Marshall Field built his mansion here in 1873-1876 at a cost of $2,000,000. It was designed by the same architect that built the Vanderbilt’s “The Breakers” in Newport, Rhode Island. It was the first house in the city to have electric lights. It was common knowledge that Field and his wife had many loud, violent arguments here in their home. They were divorced in the 1890s, and Mrs. Field moved to France where she died an invalid in 1900. Field then married a neighbor, Delia Caton a short time after her husband, Arthur died in 1904.The Caton’s lived directly in back of Fields at 1910 Calumet, and rumors were that Fields and Mrs. Caton were lovers before the death of her husband. There were even stories that there was a tunnel that connected the Field and Caton homes. When Field died here in 1906, he was the richest merchant in the world.
After Mr. Field’s death in 1906, the home was passed on to his wife, Delia. She chose to live in Washington, D.C. instead.
In 1937-38, the Field’s mansion served as a center for the New Bauhaus refuges from Germany. The home was torn down in 1955.
Chicago Tribune, November 11, 1935
Plan to Raze Old Marshall Field Mansion
BY KAY HALL
The old mansion at 1905 Praitrie avenue, built sixty years ago by the first Marshall Field, is being stripped of its furnishings. It is to he razed as an economy measure, according to officials of the Field estate, unless a rather tentative plan to turn it over to an institution for charitable use be agreed upon within a week.
The mansion was the first Chicago home to have electric lighting. It is built of stone and brick and contains twenty-five rooms. Its design is austere and a high fence of Iron grill work surrounds the grounds.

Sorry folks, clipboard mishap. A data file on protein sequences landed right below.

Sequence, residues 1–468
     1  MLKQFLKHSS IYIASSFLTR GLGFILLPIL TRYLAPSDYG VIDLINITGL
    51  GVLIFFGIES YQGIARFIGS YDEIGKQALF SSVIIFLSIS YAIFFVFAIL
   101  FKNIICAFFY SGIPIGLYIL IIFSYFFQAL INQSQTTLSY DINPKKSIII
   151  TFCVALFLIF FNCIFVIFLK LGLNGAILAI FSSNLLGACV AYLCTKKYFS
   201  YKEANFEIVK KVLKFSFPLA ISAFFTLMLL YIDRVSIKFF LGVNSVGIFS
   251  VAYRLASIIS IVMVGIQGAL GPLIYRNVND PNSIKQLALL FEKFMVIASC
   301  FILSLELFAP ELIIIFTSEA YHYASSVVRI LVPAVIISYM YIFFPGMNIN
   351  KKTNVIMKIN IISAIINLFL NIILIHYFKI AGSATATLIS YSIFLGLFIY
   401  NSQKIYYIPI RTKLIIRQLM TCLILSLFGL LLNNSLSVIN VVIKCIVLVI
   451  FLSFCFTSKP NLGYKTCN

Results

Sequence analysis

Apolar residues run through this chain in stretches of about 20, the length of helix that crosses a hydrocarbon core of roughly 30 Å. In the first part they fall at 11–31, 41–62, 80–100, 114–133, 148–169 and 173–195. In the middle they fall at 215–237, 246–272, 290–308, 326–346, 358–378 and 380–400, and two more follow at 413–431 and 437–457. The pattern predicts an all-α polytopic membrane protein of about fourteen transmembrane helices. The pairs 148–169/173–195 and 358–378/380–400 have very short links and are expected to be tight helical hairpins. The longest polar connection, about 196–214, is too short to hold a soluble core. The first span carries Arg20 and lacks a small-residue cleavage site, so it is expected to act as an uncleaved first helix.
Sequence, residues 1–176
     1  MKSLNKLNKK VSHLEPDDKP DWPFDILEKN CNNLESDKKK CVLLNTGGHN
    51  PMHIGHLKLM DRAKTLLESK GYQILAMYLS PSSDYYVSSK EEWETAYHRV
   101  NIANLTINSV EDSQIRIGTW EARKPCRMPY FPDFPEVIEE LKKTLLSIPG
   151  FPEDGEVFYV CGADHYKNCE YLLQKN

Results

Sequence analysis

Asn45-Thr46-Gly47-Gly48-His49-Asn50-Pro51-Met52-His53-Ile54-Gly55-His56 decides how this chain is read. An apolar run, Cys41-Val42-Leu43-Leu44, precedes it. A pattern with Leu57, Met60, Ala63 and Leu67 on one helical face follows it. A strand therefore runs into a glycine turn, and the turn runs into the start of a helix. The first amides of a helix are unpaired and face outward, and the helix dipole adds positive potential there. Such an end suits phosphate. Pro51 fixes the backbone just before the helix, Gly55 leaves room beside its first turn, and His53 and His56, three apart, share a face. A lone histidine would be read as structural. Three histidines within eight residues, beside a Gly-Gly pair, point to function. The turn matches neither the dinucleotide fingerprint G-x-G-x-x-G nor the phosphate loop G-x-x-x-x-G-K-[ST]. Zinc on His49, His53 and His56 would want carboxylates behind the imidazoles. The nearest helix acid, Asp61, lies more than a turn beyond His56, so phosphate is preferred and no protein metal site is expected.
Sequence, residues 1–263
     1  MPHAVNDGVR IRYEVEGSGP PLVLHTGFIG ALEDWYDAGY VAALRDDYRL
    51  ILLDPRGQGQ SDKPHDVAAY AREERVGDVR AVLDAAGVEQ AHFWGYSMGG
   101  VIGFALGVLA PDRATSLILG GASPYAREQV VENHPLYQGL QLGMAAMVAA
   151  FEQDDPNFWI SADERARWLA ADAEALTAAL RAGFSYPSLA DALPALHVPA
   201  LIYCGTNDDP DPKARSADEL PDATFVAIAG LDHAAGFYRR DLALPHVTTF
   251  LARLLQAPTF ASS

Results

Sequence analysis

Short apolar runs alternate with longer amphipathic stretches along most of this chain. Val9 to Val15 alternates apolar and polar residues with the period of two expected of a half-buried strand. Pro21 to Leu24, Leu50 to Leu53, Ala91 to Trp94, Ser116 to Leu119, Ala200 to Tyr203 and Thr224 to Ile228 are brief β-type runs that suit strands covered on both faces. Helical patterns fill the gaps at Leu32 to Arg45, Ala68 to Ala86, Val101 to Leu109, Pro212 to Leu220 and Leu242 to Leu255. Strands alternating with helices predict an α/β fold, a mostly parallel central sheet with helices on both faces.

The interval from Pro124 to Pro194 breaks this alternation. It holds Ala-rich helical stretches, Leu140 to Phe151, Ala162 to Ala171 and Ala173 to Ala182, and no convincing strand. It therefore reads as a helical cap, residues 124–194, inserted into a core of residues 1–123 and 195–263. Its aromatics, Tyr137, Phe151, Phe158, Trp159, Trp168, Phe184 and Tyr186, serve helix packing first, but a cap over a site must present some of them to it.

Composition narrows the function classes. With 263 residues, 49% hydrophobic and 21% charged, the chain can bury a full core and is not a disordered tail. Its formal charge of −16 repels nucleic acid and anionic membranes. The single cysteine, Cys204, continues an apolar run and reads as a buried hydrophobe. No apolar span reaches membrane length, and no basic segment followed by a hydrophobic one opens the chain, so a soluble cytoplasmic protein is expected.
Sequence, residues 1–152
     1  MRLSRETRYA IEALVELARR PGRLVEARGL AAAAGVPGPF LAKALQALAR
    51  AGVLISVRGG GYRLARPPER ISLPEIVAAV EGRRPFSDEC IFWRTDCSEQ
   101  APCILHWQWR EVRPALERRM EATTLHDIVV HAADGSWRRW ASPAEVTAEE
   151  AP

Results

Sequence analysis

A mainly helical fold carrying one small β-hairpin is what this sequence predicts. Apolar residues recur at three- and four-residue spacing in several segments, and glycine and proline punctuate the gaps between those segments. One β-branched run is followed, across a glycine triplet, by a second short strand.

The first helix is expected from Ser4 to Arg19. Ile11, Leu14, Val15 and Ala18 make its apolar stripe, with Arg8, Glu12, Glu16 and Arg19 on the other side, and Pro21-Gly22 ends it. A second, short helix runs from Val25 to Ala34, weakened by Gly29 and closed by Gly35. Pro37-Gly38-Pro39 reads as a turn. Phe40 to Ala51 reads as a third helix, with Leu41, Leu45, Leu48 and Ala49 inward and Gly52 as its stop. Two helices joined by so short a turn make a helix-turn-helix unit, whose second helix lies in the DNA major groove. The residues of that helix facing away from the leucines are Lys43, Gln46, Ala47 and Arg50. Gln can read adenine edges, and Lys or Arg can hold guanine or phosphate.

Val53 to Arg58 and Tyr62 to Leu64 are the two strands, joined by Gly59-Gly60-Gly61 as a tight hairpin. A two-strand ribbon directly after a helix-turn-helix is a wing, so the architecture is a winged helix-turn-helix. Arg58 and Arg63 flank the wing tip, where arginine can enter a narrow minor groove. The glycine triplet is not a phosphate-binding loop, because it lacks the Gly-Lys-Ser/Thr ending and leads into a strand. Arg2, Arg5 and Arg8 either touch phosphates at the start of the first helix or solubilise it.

Because of Mr. Field’s desire that the great house never be used for anything except his family s home, the public has been barred from the structure. A group of sightseers who went through the mansion yesterday afternoon under the auspices of the Chicago recreation commission were said to be the first outsiders ever to cross its threshold.
Kept Open Until Recently.
Until a few weeks ago, in accordance with Mr. Field’s instructions, servants kept the home ready at all times for any member of the third or fourth generation of the family who might appear. For several years, however, none has entered to stay, according to the veteran caretaker, David Wheeler.
Officials of the estate said the widow wished that no further effort be made to maintain the establishment as a home. She became the second wife of Mr. Field in 1905, a year before his death, and now is 82 years old. Many years ago she removed to Washington, D. C.
Mrs. Field was the widow of Arthur Caton, son of Judge John D. Caton of early Chicago fame. The Caton residence on Calumet avenue adjoined the Field mansion. The first Mrs. Field died in 1891 and Mr. Caton in 1903.
Descendanits Stay Abroad.
Marshall Field Jr., only son of the merchant, died a short time before his father. Since the children of the second Marshall Field have lived much of the time in England, the Prairie avenue abode has been little used for a quarter of a century. Gradually the servant staff was reduced to a housekeeper and a caretaker.
Mrs. Albert J. Beveridge, widow of the Indiana senator and a niece of Mrs. Field, has aided in disposing of the furnishings. Some of them have been claimed by the grandchildren and others are to be placed in a Marshall Field & Co. exhibit.
Visitors yesterday saw little of interest except a tall grandfather clock in the hallway dated 1689. The walls have been stripped of their paintings. The sightseers were assured that the gilded iron bedsteads still standing were those really liked by the merchant and his family.